Tank bags are not everyone’s cup of tea and for the last few years I haven’t bothered with one.
In fact the last bike that I used a tank bag on was a Suzuki GSX-R 1000 and even then I only used a shallow tank bag for bits and pieces – camera, phone, toll tickets and loose change etc.
Ive never been a fan of too high a tank bag although I have used them on some bikes in the past.
On my last couple of bikes: a CBR Fireblade and then a CB1000R I didn’t bother, but there was no question that a tank bag would have been handy especially on European touring trips.
As I’m away for all but three weeks in September (mainly Spain and Italy details here Road Trip 2015) I thought I’d have a look round for something that would work for me and that wasn’t too big.
I decided on the Givi 3D603 with the Tanklock system as it seemed just right for what I was after.
I had gone and looked at the bag in a local J&S store but actually purchased it online from Motocard who I think are based in Andorra. Bit of a no brainer really as it was £52 from them and £89.99 at J&S. The additional model specific locking ring was £10 (also from Motocard) so £62 in total and that included P&P..
The bag arrived promptly and first impressions are that it certainly seems to be sturdy and well made, which is pretty much what I would expect from Givi.
The words on the Givi web site describe the bag as:
Thermoformed Tank bag, using the new quick fitting system Tanklock to lock/unlock. Thermoformed in EVA laminated Polyester 1000D, has a semi rigid structure that gives to the product more solidity, full loading capacity, lightness, and an aerodynamic and sportive design. Equipped with a new removable cover to protect the smart phone window holder when unused, works also like a little compartment. Also equipped with shoulder belt, internal pockets and rain cover.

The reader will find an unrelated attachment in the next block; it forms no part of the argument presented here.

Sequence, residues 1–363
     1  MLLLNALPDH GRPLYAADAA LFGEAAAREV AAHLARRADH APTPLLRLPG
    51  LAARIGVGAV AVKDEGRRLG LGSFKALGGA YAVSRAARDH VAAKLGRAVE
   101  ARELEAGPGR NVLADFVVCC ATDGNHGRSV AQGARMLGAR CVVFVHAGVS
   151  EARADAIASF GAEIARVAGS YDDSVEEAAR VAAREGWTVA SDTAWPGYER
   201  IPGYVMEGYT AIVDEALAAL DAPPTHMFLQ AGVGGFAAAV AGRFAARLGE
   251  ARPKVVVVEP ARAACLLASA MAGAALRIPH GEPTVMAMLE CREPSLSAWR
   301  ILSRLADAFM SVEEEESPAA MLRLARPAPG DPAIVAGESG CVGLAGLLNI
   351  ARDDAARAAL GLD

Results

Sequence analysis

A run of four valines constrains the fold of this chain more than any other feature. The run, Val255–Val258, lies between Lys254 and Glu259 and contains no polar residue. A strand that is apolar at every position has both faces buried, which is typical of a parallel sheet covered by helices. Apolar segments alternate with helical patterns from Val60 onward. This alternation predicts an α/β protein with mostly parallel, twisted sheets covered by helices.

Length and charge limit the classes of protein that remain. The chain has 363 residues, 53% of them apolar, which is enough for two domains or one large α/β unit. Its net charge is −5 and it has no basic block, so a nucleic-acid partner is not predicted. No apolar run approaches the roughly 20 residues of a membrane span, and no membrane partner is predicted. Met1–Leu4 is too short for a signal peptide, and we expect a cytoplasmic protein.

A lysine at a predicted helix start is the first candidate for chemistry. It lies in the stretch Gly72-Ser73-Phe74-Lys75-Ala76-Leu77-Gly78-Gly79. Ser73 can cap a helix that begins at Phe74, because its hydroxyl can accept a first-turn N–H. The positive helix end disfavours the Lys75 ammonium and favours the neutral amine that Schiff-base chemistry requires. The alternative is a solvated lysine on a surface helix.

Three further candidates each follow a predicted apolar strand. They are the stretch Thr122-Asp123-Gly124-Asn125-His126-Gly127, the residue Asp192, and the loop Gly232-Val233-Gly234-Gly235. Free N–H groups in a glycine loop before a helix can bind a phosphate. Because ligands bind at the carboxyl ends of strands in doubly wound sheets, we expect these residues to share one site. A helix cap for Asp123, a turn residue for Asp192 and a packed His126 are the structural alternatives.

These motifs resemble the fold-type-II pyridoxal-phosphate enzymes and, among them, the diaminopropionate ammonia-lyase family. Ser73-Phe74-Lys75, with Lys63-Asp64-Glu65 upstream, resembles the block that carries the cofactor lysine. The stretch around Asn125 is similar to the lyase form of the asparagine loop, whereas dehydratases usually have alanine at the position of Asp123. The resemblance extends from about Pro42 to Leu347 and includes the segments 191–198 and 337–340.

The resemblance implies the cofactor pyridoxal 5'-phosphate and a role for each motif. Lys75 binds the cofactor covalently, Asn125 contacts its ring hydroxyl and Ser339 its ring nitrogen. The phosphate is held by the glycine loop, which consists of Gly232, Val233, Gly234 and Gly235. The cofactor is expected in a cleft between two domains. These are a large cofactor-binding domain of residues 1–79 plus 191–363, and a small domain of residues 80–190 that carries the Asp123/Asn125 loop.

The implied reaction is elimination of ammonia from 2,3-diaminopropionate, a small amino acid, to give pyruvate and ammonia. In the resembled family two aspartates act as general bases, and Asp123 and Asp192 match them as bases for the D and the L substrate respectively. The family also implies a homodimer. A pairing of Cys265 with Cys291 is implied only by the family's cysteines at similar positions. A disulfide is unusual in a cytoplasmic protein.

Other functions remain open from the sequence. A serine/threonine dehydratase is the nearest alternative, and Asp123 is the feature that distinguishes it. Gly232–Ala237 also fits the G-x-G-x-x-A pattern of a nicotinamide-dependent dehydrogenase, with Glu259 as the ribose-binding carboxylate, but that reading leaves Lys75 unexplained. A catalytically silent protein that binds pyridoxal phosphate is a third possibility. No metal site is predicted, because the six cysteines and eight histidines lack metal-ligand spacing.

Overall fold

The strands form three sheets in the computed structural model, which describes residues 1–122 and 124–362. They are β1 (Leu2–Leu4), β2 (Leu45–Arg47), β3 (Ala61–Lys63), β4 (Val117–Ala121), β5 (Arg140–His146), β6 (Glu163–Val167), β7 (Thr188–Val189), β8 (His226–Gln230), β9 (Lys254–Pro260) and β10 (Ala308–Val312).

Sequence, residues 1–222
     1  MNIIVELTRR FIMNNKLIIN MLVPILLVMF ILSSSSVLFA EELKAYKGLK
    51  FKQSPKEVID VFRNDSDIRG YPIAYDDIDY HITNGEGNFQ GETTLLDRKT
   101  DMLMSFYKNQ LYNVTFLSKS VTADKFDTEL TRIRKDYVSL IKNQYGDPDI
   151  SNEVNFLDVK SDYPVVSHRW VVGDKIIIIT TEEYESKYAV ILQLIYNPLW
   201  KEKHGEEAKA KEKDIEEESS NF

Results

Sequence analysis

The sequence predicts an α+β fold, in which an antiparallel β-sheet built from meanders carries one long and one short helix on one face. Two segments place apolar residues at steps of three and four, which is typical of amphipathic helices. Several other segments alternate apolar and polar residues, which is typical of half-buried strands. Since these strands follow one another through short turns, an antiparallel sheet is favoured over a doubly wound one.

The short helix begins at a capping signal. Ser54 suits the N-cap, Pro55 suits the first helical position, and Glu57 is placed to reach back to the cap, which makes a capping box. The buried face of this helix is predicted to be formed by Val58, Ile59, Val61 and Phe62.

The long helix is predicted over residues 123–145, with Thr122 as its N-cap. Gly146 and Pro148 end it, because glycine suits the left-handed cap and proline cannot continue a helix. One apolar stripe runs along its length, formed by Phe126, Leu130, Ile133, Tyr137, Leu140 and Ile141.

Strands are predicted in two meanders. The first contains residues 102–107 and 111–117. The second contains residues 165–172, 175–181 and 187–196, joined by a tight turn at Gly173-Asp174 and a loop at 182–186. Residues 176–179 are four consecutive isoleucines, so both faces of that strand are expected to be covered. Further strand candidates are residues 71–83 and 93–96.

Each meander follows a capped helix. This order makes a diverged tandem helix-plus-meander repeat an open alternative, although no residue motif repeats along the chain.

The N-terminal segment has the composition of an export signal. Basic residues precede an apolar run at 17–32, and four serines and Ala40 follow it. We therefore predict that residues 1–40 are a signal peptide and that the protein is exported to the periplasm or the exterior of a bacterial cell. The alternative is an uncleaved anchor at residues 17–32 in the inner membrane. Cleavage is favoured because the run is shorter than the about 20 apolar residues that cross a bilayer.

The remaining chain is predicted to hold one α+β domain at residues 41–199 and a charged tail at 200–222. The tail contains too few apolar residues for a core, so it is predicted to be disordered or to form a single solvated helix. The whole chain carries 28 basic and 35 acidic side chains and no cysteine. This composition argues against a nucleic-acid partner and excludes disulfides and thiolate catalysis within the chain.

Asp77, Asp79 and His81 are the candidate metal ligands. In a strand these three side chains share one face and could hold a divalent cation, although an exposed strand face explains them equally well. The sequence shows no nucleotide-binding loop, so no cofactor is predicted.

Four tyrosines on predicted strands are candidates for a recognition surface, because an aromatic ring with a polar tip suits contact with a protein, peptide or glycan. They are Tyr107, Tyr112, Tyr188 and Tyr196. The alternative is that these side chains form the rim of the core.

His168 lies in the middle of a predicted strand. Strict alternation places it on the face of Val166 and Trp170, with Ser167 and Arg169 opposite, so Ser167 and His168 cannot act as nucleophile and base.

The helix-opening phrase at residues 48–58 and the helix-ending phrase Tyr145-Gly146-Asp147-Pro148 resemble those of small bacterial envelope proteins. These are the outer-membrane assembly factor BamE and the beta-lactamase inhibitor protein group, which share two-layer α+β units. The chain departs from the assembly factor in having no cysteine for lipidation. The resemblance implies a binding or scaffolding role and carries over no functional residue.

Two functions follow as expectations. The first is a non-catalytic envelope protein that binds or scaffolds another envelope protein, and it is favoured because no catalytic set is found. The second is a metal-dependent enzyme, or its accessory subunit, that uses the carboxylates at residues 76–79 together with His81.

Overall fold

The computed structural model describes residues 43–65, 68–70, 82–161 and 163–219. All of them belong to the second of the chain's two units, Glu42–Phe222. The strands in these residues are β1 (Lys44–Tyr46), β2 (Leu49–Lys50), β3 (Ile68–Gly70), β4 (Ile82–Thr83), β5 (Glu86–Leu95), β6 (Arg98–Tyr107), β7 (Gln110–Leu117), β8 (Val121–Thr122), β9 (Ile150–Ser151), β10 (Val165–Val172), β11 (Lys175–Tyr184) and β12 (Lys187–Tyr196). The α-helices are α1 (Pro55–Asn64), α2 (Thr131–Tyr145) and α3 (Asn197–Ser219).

I cant add a great deal to that description other than I guess whether or not it has a ‘sportive design’ is a matter of interpretation – I bought it to use as a practical tank bag rather than to add a sportive design to my bike …
Anyway it was easy to fit, just a simple matter of removing three of the allen screws around the petrol cap and replacing them with the three supplied fitting screws and bushes to hold the locking mechanism in place – one of those five minute jobs that actually takes five minutes.
I’ve not tried it out yet but first impressions are that it’s just what I wanted, just the right size (4Ltrs) and easy to take on and off the bike.
I’ve put a set of pictures in below which pretty much show it how it is. Check out one of the pictures of the instructions that state ‘Fasten the bags before marching off’ – guess that got a little distorted in translation!
Although the bag has a see through pocket for a phone, that isn’t a feature I will use but I did put my HTC One phone in so that you can get an idea of how it works – I suspect I’m more likely to use that for a list of roads/headline directions etc.
Only other thing to say is that the bag comes with a rain-cover and straps to put round the headstock (a sort of belts and braces safety measure I thin) – but the strap also doubles as a handy shoulder strap if needed.
Clicking on the first picture below will open a scrollable gallery.